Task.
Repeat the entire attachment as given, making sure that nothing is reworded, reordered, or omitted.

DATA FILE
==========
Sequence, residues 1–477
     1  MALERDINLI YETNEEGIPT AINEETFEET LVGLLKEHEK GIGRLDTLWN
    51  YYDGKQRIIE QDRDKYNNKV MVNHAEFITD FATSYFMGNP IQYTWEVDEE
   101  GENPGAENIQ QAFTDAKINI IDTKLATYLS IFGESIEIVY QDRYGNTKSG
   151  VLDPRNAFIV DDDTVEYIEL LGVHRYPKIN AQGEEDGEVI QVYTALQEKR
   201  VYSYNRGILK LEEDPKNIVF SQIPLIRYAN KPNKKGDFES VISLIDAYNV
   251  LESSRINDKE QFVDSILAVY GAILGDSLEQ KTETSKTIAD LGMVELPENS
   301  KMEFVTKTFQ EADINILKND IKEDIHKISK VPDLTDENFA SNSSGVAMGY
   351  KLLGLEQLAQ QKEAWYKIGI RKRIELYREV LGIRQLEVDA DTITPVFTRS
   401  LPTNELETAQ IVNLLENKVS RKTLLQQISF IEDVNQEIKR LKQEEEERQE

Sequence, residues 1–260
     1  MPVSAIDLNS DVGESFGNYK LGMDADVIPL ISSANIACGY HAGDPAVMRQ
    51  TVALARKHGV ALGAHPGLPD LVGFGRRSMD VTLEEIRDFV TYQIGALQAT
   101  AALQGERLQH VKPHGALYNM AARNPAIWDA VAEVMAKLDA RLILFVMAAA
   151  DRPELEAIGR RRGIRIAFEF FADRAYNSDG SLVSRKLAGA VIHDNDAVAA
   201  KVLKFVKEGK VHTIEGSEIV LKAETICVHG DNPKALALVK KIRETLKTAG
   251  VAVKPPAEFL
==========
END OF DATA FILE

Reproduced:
Sequence, residues 1–477
     1  MALERDINLI YETNEEGIPT AINEETFEET LVGLLKEHEK GIGRLDTLWN
    51  YYDGKQRIIE QDRDKYNNKV MVNHAEFITD FATSYFMGNP IQYTWEVDEE
   101  GENPGAENIQ QAFTDAKINI IDTKLATYLS IFGESIEIVY QDRYGNTKSG
   151  VLDPRNAFIV DDDTVEYIEL LGVHRYPKIN AQGEEDGEVI QVYTALQEKR
   201  VYSYNRGILK LEEDPKNIVF SQIPLIRYAN KPNKKGDFES VISLIDAYNV
   251  LESSRINDKE QFVDSILAVY GAILGDSLEQ KTETSKTIAD LGMVELPENS
   301  KMEFVTKTFQ EADINILKND IKEDIHKISK VPDLTDENFA SNSSGVAMGY
   351  KLLGLEQLAQ QKEAWYKIGI RKRIELYREV LGIRQLEVDA DTITPVFTRS
   401  LPTNELETAQ IVNLLENKVS RKTLLQQISF IEDVNQEIKR LKQEEEERQE

Sequence, residues 1–260
     1  MPVSAIDLNS DVGESFGNYK LGMDADVIPL ISSANIACGY HAGDPAVMRQ
    51  TVALARKHGV ALGAHPGLPD LVGFGRRSMD VTLEEIRDFV TYQIGALQAT
   101  AALQGERLQH VKPHGALYNM AARNPAIWDA VAEVMAKLDA RLILFVMAAA
   151  DRPELEAIGR RRGIRIAFEF FADRAYNSDG SLVSRKLAGA VIHDNDAVAA
   201  KVLKFVKEGK VHTIEGSEIV LKAETICVHG DNPKALALVK KIRETLKTAG
   251  VAVKPPAEFL